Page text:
Iran’s president and foreign minister dead in helicopter crash


Iran’s president died in a helicopter crash yesterday (Sunday) afternoon, opening up an internal power struggle at a tumultuous time for the country.

Embrahim Raisi, 63, had just been with the president of neighbouring Azerbaijan, cutting the ribbon at a dam along their border. It was part of their broader effort to calm tensions (Iran’s arch-rival Israel has cultivated close ties with the Azeris).

The president’s chopper appears to have then crashed during the return journey, killing ~nine passengers including Iran’s foreign minister and a regional governor.

What caused the crash?

Ordinarily, the cause would be (and probably still is) obvious: the president was flying in a 45-year-old helicopter through mountains and heavy fog. Sanctions mean Iran hasn’t replaced or fully maintained much of its fleet for decades.

But these aren’t ordinary times, Iran is no ordinary place, and Raisi is no ordinary president.

The times: The decades-long shadow war between Iran and Israel has recently exploded into plain view, and Iran’s long-time foes (the Saudis, the US, and Israel) continue to explore a pact to counter Iran.

The place: Iran’s economy is groaning under Western sanctions, ISIS has carried out deadly terrorist attacks there, and unrest again rocked the country in 2022-23, with a subsequent crackdown killing many hundreds of protestors (at least).

The president: Much of the blame for all this lands on Raisi, whether from an angry population or fellow hardliners convinced he’s inept. He ✌️won✌️ the 2021 elections with record-low turnout, after the Supreme Leader barred his rivals.

That same top ruler (Ayatollah Khamenei) also parachuted Raisi into his last job as head of Iran’s judiciary in 2019. His meteoric rise hasn’t been because Raisi is brilliant, but because he’s loyal: he was one of four members of Iran’s infamous ‘death commission’ that executed thousands of political prisoners in 1988.

And that all partly explains some of the reported local reactions to date, ranging from hardliners in prayer, to fireworks in the skies, to jokes circulating online.

It’s also partly why some state outlets still refer to Raisi’s death as an “incident” rather than an “accident”, leaving it open for Tehran to blame someone – presumably Israel or the US, though Iranians know Raisi had plenty of enemies.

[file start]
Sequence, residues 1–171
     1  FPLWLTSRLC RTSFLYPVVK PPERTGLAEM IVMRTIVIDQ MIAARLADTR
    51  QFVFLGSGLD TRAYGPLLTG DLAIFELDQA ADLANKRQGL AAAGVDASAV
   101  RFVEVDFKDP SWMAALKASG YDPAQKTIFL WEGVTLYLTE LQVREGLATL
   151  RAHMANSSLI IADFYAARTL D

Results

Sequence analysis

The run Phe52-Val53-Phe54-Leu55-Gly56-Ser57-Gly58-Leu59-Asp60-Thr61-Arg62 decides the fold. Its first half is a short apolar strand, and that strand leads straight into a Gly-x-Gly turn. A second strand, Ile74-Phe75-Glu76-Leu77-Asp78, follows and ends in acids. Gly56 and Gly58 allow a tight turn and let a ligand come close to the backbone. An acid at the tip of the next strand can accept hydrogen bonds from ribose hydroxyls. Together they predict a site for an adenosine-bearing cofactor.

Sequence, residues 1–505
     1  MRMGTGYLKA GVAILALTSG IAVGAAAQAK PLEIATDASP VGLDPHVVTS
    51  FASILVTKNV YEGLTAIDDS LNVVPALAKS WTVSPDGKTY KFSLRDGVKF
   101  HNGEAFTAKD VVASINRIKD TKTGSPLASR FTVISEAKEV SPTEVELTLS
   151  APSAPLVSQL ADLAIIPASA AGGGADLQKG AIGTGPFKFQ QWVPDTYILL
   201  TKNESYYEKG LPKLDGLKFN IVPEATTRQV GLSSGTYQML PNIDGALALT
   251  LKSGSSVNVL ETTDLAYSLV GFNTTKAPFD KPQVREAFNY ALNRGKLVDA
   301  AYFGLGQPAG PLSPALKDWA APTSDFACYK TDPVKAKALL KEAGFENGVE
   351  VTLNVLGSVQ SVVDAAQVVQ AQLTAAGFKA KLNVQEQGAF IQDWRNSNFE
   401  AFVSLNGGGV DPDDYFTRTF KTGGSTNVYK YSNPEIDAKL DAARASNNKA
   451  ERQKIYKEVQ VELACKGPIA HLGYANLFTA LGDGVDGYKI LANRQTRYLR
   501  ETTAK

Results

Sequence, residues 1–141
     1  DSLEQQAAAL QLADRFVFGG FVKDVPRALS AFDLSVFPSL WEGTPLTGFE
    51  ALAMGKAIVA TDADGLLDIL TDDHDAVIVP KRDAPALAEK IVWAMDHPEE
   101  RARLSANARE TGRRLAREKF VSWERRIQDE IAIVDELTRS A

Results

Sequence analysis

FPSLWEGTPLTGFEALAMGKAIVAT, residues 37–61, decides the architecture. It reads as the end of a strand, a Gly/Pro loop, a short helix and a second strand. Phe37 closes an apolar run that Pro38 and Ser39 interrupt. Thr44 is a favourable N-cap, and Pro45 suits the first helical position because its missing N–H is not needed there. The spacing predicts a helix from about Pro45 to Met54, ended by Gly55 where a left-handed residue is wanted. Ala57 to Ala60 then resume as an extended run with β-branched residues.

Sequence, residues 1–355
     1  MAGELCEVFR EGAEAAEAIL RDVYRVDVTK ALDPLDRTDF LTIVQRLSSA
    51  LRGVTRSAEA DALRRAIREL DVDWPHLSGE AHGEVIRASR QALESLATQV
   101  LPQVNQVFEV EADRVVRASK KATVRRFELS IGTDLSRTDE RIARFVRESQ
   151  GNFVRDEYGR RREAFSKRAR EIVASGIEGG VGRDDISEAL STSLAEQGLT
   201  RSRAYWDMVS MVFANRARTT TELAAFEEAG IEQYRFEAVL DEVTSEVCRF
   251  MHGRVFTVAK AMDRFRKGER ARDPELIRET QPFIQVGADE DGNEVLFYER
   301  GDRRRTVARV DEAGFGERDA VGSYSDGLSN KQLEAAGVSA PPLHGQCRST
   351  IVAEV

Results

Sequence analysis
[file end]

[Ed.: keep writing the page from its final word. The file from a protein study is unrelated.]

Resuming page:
So now what?

In a regime like Iran’s, there will be power struggles. The first is to replace Raisi as president – the constitution requires an election within 50 days, with establishment figures like the current speaker (Ghalibaf) likely to have a go. It really depends on who the Supreme Leader allows to run.

And that takes us to the bigger struggle over who will replace Iran’s Supreme Leader: he’s 85 and is rumoured to (again) have cancer. Iran has only ever replaced its Supreme Leader once in 1989, and it didn’t go smoothly.

So, there are no certainties, but two names have been circulating: one was Raisi.

The other is actually one of the Supreme Leader’s sons: the 54-year-old Mojtaba Khamenei, who’s a mid-ranking cleric with hardly any public profile, working mostly as an aide to his father.

The son’s ascension would leave Iran looking quite a bit like a monarchy, which is exactly what the Islamic Revolution toppled in the first place. And that’d leave the regime with even less popular legitimacy than it enjoys now.

So for now, this power struggle will play out among fellow hardliners. And unless something in the regime itself snaps, the end result is unlikely to be any imminent change in the way Iran approaches its neighbours or the world.

INTRIGUE’S TAKE

So will something snap? That’s impossible to know, but the regime’s many foes at home and abroad will see this power transition as an opportunity to shape events in their favour. In the meantime, here are a few observations:

  • First, losing your own president, on your own soil, for most of a day, projects neither strength nor competence
  • Second, later-stage autocracies are often tempted to double-down on control during times of crisis, further eroding their legitimacy and accelerating their decline, and
  • Third, zooming out: as tensions spike everywhere, we’re seeing paranoid regimes appoint more leaders based on loyalty rather than competence, which ultimately increases the risk of miscalculation and escalation both at home and abroad.

Also worth noting:

  • Raisi was under US sanctions, including for his role in Iran’s mass executions of 1988.
  • He died with his foreign minister, Hossein Amirabdollahian, a career diplomat who spearheaded Iran’s reconciliation with the Saudis last year (brokered by China). A contender to replace him as FM is Baqeri Kani, his deputy who led last year’s prisoner deal with the US. Kani’s brother is married to one of the Supreme Leader’s daughters.
  • Hamas, which has long benefited from Iran’s backing, has reportedly expressed “sadness and pain” over this “grave accident”. In Raisi’s final comments with his Azeri counterpart, he said “the Iranian and Azerbaijani nations have no doubts in their support for the Palestinian people and their hatred towards the Zionist regime [ie, Israel]”.
  • The oil market has shrugged off the president’s death, suggesting an expectation that any power struggle won’t impact global supply.
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